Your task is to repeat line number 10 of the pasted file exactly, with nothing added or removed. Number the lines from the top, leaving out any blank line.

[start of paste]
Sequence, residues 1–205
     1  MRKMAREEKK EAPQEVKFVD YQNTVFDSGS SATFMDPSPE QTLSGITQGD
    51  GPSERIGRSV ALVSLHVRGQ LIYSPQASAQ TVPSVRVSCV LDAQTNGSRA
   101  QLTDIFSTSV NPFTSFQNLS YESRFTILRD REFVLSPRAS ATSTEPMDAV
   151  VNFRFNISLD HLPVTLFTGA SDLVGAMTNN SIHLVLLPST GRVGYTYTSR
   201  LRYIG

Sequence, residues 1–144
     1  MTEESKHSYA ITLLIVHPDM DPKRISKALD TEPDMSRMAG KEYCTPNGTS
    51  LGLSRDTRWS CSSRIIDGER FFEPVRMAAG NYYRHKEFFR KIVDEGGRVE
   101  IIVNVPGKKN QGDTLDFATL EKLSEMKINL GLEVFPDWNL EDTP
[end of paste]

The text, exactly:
   101  IIVNVPGKKN QGDTLDFATL EKLSEMKINL GLEVFPDWNL EDTP